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Chama, NM -- U.S. village in New Mexico
Population (2000): 1199
Housing Units (2000): 601
Land area (2000): 2.562766 sq. miles (6.637533 sq. km)
Water area (2000): 0.000000 sq. miles (0.000000 sq. km)
Total area (2000): 2.562766 sq. miles (6.637533 sq. km)
FIPS code: 13970
Located within: New Mexico (NM), FIPS 35
Location: 36.894777 N, 106.584406 W
ZIP Codes (1990): 87520
Note: some ZIP codes may be omitted esp. for suburbs.
Chama, NM

Chama may refer to:

Chama (Maya site)

Chama (Chamá) is a small Late-Classic Maya highland site, situated in the Chixoy River valley of the Alta Verapaz department of Guatemala, some fifty kilometers north-west of San Pedro Carchah. Small-scale excavations were carried out in the early twentieth century by Robert J. Burkitt of the Pennsylvania University Museum. The site belongs to the periphery of the lowland Maya kingdoms. It has been argued that Chama was colonized from the lowlands somewhere at the beginning of the eighth century and then developed its characteristic, but short-lived Classical ceramic style.

Chamá-style cylindrical vases have black-and-white chevron motif bands painted around the rim and base, with a bright white, and strong red-and-black palette, applied to a distinctive yellow to yellow-orange background. Rather than with scenes of courtiers and warriors, they are often decorated with humanized animals, deities, and mythological scenes.

Chama (genus)

Chama is a genus of cemented saltwater clams, marine bivalve molluscs in the family Chamidae, the jewel boxes.

Chama (investment)

A Chama is an informal cooperative society that is normally used to pool and invest savings by people in East Africa, and particularly Kenya. The chama phenomenon is also referred to as "micro-savings groups". "Chama" (also spelled Kyama by certain tribes) is the Kiswahili word for "group" or "body". The chama phenomenon arose out of the idea of harambee, which means "all together", in the late 1980s and 1990s. Originally, chamas tended to be exclusively women's groups, but as chamas started to grow in sophistication and success, men started participating in chamas as well. The chama structure is used throughout Africa, but is particularly popular in Kenya where the word originated. In Kenya there are estimated to be 300,000 chamas managing a total of KSH 300 billion (USD $3.4 billion) in assets. Chamas are known for their exclusivity. In order to join new members are typically subjected to extensive interviews and must have assurances or guarantees made for them by an existing member. Some sources have estimated that one in three Kenyans are chama members.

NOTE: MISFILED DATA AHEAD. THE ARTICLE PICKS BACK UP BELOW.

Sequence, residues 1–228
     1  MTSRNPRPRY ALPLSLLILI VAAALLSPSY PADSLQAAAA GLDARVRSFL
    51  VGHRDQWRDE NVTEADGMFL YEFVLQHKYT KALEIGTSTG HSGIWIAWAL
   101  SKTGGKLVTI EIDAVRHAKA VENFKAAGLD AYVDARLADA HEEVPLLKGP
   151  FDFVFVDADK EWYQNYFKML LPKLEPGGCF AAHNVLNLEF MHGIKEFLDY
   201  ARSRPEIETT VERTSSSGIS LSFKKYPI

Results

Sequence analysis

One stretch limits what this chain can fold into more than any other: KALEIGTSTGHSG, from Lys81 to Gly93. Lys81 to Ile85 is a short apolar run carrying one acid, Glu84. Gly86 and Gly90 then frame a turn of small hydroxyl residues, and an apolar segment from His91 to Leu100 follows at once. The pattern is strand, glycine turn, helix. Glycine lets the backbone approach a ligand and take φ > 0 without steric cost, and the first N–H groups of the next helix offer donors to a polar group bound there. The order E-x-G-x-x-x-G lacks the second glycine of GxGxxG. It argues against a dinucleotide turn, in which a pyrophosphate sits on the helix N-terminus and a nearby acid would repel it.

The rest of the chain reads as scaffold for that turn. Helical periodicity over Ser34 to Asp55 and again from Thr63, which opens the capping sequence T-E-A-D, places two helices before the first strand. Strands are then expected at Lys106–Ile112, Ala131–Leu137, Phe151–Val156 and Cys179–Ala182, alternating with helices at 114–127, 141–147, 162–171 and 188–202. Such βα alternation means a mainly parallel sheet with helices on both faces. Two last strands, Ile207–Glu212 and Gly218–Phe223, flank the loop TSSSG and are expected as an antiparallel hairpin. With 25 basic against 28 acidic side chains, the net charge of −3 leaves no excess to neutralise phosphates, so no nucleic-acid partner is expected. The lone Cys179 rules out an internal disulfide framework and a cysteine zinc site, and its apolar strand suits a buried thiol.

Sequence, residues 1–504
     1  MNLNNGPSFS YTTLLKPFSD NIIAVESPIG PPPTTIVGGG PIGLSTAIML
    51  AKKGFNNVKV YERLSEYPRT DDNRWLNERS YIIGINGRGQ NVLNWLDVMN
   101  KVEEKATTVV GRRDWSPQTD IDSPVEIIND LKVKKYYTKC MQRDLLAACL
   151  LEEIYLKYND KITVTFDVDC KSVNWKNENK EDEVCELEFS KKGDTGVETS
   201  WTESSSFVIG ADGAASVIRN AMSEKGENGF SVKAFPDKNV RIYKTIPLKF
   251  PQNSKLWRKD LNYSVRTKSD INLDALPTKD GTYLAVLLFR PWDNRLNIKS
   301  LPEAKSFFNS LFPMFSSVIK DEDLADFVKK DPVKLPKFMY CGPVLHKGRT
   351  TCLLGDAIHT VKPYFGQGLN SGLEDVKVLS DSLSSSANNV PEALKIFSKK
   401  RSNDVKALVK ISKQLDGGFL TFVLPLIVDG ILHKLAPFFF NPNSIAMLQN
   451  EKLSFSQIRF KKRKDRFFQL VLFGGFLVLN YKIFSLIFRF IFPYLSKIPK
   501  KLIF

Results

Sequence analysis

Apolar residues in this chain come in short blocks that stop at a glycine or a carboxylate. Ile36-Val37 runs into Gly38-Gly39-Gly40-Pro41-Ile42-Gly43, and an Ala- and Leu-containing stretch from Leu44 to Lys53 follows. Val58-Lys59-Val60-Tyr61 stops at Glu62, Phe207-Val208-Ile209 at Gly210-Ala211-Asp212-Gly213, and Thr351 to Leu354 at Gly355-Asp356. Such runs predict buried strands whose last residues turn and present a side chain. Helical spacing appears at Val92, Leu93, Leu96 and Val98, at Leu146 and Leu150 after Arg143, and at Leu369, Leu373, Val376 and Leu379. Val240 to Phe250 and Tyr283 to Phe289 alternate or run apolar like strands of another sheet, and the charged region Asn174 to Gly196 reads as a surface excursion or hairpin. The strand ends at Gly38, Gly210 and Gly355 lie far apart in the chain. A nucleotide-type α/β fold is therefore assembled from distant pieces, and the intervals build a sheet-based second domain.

Usage examples of "chama".

You know I met some of your vaqueros stringing a drift fence on the far side of the Chama up the slope a ways.

Western at the town of Chama, New Mexico Territory, just south of the Colorado line near the headwaters of the Rio Chama.

Once the medicine waters of the lake drain eastward toward the Rio Chama they are lost to us forever.

I wish I knew somebody in the Chama Valley well enough for a late-night visit and the loan of a more Mexican-looking outfit for you.

Spanish, and Anglo settlers who liked to sound smart were quick to assume El Rio Chama had gotten such a name for the cottonwood, willow, and such along its floodplain.

El Rio Chama ran fairly clear this far up, but it would carry the dead ponies into the far bigger Rio Grande, which ran as muddy and stinky as the Missouri by the time it got halfway to El Paso.

He rode at a trot for an hour, and let both ponies water in the shallows of the Chama and browse some cottonwood leaves as he changed mounts by moving the shaken-out saddle blanket, and then, of course, the saddle, back aboard the cream mare.

Well before dawn he recrossed the Chama to get back on that coach road and follow it north.

Those Mexicans you just mentioned have been growing their own corn and grazing stock along the Rio Chama, betwixt the Jicarilla you're so worried about and that mesa New Mexico is even more worried about.

I just don't want to have to worry about another backside they might shoot at as I poke about those canyons on the far side of the Chama Valley.

Knowing the going would be easier up the east bank of the river because there'd be fewer side branches, they worked their way down to the fairly broad but mighty shallow Rio Chama to ford it.

But at least they won't butcher the folks aboard that morning coach, and the one coming down from that railroad stop at Chama won't even start, seeing the wire's down in Apacheria.

You can't ride on to that job up Chama way with Apache on the warpath.

Well, like Wes here says, I'd never get up to Chama to see about that other job alone at a time like this.

The San Joaquín grant, issued in 1806 in the rugged Rio Chama canyon, was picked.